Fifteen months ago Gay Rights activist group Stonewall did not have a position on same sex marriage but this week they have published a bill calling for its full legalisation just weeks before the government issues a consultation paper on how it should be done.
The two-page bill lists five legislative steps it says are necessary and Stonewall is calling upon the government to publish a White Paper, consulting on the detail of how to implement its proposal, and not a Green Paper which would simply consult on the wider principle.
The draft bill (see full text) includes exemptions for religious institutions, and seeks to retain civil partnerships for same sex couples, but not to introduce them for heterosexual couples. This would leave same sex couples with two options - civil partnership or marriage - but opposite sex couples with only one - marriage.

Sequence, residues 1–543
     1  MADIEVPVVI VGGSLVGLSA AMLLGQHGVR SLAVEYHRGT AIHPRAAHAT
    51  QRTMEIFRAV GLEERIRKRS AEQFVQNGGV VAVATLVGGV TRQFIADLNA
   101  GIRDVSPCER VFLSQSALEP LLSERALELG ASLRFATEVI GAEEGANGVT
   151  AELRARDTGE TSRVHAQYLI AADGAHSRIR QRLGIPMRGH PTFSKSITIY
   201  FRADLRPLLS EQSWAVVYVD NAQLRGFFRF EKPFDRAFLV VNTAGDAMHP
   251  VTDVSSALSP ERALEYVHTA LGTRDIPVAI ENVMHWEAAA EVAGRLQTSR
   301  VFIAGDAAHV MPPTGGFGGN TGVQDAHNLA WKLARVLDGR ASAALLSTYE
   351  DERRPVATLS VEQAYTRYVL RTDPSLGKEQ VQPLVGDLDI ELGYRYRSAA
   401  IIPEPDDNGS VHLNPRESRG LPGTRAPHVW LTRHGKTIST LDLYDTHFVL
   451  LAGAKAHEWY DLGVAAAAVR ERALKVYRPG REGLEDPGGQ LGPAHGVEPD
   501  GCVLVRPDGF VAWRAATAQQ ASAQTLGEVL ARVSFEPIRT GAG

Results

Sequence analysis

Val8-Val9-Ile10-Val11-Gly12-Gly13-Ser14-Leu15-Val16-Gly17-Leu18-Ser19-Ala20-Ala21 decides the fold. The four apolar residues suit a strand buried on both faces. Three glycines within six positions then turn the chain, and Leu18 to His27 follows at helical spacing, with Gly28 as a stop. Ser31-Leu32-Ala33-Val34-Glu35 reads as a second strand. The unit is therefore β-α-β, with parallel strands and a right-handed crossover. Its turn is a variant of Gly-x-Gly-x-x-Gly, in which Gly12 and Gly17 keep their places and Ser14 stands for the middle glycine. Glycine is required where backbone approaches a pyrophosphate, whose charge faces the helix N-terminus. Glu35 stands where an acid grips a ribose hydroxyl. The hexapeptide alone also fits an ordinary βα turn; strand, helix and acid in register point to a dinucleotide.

This places Stonewall at loggerheads with gay rights activist Peter Tatchell whose ‘Valentine’s Day wish’ is for ‘Equal Love’: that is an end to what he calls the ‘twin legal bans’ on same-sex civil marriages and opposite-sex civil partnerships.
The Stonewall draft bill also amends the Matrimonial Causes Act 1973 to remove the terms ‘husband and wife’ and replace them with ‘parties to a marriage’.
It amends the Marriage Act 1949 to stipulate that ‘a clergyman is not obliged to solemnise a marriage between two persons of the same sex’ and that the ‘Registrar General must provide a system for parties to a valid civil partnership to have their civil partnership registered as a marriage where both parties to the civil partnership consent’.